Recently, I found a great website for teachers—Cult of Pedagogy (Teacher Nerds, Unite). The site includes blogs and podcasts about teaching issues and resources. While the site is mainly geared toward K-12 teachers, some of the information is helpful for any teacher. On that site I found an article, written by Jennifer Gonzalez, titled “5 Questions to Ask Yourself About Your Unmotivated Students” that made me stop and think. It seems that, in almost every class, there are those 1 or 2 students who just don’t seem to be present or interested in the class. And, other teachers may not have the same experience with those same students. It made me wonder what the difference was between the two teachers or classes and I often just chalked it up to subject matter. However, the 5 questions in this post have made me stop and re-evaluate that answer.
The five questions she asks, based on the research include:
- How’s your relationship with your students, really?
- How much choice do your students actually have?
- Are you relying heavily on carrots and sticks …or Jolly Ranchers?
- Do your words contribute to a growth mindset or a fixed mindset?
- What are you doing to make your content relevant to students’ lives?
In reading the article, Jennifer summarized some research about student motivation and found students are motivated most when:
- They have a positive relationship with their teacher
- They have choice
- intrinsic rewards foster creativity and persistence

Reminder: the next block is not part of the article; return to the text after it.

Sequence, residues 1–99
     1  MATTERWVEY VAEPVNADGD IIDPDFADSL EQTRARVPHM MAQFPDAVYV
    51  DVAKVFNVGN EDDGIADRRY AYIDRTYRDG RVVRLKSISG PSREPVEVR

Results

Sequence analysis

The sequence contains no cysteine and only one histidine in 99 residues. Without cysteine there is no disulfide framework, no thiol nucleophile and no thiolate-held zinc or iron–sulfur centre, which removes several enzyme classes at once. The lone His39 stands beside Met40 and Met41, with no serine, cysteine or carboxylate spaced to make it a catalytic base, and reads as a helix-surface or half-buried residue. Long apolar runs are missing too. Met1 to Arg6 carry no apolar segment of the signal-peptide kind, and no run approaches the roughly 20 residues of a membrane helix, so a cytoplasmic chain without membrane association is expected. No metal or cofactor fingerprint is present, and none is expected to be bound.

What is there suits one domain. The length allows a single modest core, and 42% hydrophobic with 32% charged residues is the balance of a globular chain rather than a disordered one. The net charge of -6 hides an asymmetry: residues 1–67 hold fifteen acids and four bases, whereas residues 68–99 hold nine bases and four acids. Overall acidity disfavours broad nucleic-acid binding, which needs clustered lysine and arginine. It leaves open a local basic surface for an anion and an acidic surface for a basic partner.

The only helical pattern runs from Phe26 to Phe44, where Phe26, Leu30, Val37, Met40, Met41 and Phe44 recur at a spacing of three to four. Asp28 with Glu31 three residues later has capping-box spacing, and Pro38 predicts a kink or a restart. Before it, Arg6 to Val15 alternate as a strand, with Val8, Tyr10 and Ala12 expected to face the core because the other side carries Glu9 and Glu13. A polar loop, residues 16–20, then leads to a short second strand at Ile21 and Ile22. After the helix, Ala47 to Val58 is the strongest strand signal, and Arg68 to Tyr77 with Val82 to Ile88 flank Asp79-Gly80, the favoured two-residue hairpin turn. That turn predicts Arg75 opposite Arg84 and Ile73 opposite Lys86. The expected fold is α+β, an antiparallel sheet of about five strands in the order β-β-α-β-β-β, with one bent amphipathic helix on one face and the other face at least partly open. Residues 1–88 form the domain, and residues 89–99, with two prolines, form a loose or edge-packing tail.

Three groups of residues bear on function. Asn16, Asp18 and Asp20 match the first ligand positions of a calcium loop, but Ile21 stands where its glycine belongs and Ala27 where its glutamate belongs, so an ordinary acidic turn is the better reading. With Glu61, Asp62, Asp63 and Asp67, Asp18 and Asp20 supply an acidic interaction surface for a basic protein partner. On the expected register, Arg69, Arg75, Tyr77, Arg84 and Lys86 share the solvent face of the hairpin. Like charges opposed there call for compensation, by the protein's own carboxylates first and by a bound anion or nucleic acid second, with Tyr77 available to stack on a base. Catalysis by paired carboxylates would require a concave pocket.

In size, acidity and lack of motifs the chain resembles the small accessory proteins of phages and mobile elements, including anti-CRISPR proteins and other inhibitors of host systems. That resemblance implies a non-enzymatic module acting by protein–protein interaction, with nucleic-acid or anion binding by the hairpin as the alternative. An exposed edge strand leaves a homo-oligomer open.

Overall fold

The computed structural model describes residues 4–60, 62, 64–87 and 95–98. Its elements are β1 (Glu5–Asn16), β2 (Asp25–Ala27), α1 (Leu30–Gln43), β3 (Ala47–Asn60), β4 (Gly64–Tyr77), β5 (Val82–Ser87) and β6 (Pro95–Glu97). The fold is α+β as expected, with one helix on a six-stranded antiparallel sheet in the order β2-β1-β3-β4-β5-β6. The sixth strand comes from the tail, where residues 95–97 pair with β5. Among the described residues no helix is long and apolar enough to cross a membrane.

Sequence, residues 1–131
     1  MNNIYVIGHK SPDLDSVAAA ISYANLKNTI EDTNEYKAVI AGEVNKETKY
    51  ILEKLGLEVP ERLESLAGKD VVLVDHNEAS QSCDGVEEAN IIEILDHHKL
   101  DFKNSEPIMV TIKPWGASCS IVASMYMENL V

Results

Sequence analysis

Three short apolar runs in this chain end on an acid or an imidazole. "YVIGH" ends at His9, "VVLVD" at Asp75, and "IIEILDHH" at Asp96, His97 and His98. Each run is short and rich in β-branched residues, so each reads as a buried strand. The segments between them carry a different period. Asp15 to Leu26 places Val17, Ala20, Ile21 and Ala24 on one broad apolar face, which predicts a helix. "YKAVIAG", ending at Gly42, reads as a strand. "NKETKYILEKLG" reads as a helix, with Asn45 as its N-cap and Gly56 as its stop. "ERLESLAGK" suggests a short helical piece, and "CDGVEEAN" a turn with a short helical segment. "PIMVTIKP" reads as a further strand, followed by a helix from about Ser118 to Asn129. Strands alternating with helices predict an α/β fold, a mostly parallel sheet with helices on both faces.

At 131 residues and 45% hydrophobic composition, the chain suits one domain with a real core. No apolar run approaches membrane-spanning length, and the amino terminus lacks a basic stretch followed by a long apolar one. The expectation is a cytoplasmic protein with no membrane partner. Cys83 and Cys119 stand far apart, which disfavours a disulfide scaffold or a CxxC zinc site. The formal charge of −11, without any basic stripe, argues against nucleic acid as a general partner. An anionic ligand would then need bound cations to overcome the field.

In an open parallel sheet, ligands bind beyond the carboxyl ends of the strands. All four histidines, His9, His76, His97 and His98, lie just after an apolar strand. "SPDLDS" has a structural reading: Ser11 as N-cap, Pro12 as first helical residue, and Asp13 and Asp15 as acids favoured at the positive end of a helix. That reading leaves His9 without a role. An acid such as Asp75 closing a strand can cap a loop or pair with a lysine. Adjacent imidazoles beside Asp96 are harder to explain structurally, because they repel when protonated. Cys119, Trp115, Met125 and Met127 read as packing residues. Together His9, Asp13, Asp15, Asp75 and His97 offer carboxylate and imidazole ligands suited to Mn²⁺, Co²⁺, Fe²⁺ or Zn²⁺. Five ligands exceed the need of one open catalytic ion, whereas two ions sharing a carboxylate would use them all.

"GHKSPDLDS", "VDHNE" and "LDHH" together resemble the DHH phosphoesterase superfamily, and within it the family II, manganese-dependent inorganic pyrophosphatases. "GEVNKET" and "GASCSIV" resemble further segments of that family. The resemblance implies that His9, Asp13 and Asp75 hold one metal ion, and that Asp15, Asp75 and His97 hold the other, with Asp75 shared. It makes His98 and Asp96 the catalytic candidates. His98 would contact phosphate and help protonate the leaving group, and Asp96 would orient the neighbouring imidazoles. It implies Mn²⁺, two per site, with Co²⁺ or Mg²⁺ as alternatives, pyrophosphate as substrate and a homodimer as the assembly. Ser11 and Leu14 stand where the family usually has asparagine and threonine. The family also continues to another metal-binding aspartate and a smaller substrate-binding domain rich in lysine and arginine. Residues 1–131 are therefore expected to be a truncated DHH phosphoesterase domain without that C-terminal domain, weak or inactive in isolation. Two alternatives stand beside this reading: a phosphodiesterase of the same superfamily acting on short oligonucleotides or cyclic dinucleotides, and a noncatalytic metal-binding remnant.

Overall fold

- Students believe they can improve in a task
- Subject has relevance to their lives.
I actually thought I had done well to embrace these concepts in my classes and so had Jennifer. In the article, she goes through each question and looks at one of her unmotivated students to determine how well these motivators were integrated into her teaching.
She invites the reader to do the exercise along with her and it was eye opening.
I thought I did really well at giving students choices by letting them choose a subject for a paper, or a client/condition of their choice to research but the choices were still very circumscribed with limits and rules. They were often having to choose, in their mind, the least offensive option, or the lesser of all evils. In the meantime, in the classroom, the experience was pretty structured and didn’t allow for much choice. Yes, varied experiences were offered throughout the course, but students were either assigned to work in a group or individually, depending on the project. What I realized is they weren’t given a choice. If they preferred to work alone, but were told to work in a group, or vis versa, they didn’t feel supported in an uncomfortable environment. And without an understanding (relevance) for working in a group, it just felt frustrating. Especially if the rest of their group worked differently, or didn’t include them, etc.
I have learned to explain why assignments are set up the way the are, and to not just say what the assignment is, but also what the underlying intent of the assignment is. For instance, they are assigned to teams to research a specific topic and then, as a team, they present their information from the front of the class. They are told this helps them get comfortable talking as an expert to a group of people, such as a brown bag lunch. Later, they will do research on a topic and present individually from the front of the class (graduating from having a team to support them to doing it alone). Once I explained the rationale, they were much less disconnected from the assignment and more motivated to participate.
It has been helpful to review these questions as I review the class syllabus for each new class and see where I can make a difference. It became easy for me to think I was meeting students needs, especially when there was only one or two in a class that just didn’t seem to get it, but asking these questions has helped me think about my teaching and that there are always ways I can improve.